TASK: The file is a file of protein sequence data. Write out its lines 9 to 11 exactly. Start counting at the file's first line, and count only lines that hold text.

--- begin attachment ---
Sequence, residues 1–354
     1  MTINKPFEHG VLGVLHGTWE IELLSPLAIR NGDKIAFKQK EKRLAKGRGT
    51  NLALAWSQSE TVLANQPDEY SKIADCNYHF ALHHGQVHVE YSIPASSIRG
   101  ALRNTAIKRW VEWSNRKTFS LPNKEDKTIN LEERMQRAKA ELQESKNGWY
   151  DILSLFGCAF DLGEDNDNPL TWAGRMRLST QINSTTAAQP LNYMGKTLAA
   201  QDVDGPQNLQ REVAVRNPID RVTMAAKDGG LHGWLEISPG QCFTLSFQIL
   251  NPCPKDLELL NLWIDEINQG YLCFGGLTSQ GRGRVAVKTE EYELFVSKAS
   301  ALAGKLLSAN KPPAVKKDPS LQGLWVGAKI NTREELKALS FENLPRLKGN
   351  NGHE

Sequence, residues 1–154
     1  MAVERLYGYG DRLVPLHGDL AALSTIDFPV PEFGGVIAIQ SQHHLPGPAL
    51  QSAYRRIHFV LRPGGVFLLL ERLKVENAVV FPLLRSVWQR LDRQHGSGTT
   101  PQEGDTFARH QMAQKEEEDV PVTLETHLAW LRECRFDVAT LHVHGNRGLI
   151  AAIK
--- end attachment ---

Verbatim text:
   351  NGHE

Sequence, residues 1–154
     1  MAVERLYGYG DRLVPLHGDL AALSTIDFPV PEFGGVIAIQ SQHHLPGPAL